The name of a mortgaged vessel can not be changed even by consent of the mortgagee.

The name of a steam vessel not entitled to be documented can be changed only at the time of making application for the annual inspection. Vessels sold by the

T. D. 5042.


band or managing owner usually resides. It is also the port at which a vessel's permanent marine papers issue, and its name must be specified in all marine documents. But in reference to the painting of the name of a port of hail on the stern of a vessel, the word "port" may be construed to mean either the port where the vessel is registered or enrolled or licensed or the place in the same district where the vessel was built, or where one or more of the owners reside.

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United States Government to citizens may receive any
name the owner may choose, approved by the Bureau of

ART. 5. The following vessels are entitled to receive docu-
ments under existing laws:

Class 1. Those built in the United States, wholly owned R. S., 4132,4133. by a citizen or by an incorporated company of the United States.

1897. 17975.

A vessel registered pursuant to law, which by sale has Cir., Apr. 1. become the property of a foreigner, shall be entitled to a new register upon afterward becoming American property, unless it has been enlarged or undergone change in build outside of the United States.


Class 2. Those built in the United States, in whole or in R. S., 4180 to part under foreign ownership, and duly recorded, on being purchased, and wholly owned by a citizen of the United States, and never before documented.

Class 3. Those captured in a war to which the United R. S., 4131.
States is a party, by a citizen thereof, lawfully condemned
as prizes, and wholly owned by a citizen or citizens of the
United States.

Class 4. Those which have been adjudged to be for- R. S., 4132. feited for a breach of the laws of the United States, and wholly owned by a citizen or citizens thereof. This does not include vessels sold under a decree in admiralty for T. D. 4886. debt or seamen's wages.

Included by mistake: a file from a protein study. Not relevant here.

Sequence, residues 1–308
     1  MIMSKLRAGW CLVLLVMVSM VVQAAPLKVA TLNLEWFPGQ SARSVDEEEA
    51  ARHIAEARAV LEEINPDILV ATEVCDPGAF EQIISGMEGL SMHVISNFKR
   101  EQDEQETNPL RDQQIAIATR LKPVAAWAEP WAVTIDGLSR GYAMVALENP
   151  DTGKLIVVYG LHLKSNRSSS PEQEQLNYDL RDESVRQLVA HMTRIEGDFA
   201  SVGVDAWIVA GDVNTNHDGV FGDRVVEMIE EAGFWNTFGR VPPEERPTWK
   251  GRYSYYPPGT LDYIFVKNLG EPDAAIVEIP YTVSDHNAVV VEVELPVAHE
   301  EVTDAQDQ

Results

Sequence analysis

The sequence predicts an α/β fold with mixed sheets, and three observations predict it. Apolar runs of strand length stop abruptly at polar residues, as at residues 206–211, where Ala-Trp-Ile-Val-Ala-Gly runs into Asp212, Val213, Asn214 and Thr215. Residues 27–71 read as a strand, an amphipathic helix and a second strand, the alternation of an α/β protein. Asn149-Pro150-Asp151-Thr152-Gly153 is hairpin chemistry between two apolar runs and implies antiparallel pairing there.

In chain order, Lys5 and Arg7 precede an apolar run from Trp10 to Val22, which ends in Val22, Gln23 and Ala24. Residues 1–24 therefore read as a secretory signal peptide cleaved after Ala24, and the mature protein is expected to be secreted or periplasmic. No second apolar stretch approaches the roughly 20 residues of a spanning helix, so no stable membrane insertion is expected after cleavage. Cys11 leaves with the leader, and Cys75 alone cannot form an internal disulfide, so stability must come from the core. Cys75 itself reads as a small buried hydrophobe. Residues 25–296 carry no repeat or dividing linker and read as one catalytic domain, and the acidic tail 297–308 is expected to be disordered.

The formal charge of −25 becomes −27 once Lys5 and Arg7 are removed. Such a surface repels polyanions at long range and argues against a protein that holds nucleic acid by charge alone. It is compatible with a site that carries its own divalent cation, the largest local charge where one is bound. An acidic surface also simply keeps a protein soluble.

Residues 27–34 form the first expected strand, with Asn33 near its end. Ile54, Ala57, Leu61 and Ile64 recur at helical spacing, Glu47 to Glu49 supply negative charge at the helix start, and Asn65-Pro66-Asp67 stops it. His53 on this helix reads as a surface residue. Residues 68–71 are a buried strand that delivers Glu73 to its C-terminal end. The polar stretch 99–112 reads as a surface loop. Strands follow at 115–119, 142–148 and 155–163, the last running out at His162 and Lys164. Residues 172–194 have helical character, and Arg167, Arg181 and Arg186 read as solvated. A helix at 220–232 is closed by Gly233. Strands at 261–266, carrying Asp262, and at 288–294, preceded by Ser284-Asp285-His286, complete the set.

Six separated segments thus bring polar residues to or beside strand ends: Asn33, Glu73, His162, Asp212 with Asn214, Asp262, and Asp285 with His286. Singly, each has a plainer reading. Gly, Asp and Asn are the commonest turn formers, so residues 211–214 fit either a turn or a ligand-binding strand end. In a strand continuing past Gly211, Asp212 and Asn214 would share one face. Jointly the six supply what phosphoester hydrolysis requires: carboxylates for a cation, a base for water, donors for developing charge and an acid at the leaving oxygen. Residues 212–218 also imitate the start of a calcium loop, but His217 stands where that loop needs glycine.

D. 6797.

Class 5. Those wrecked within the waters of the United RS. 4136; T. States, purchased and repaired by a citizen or citizens thereof, at a cost equal to three-fourths of the cost of the vessel when repaired.

Class 6. Those sold by the United States Government to citizens, if built in the United States, but foreign-built. vessels bought or chartered by the Government are not thereby entitled to registry on sale to a citizen.

ART. 6. A foreign vessel imported in parts and put together in the United States can not be documented.

Cir., Apr. 1, 1897. T. D. 5106, 5444. 17975.

R. S., 4328, and

Permanent enrollment and license may issue to any act Apr. 17, 1874. vessel absent from her home port upon application to the collector thereof, through the office of the collector of the port at which the vessel may be, where the master's oath should first be taken.


ART. 7. Marine documents may be issued for vessels R. S. 4313. owned by an incorporated company within the United States in the name of the president, vice-president, or acting president or secretary of such company, and will not be vacated or affected by the sale of shares in such T. D. 8981. company to a foreigner.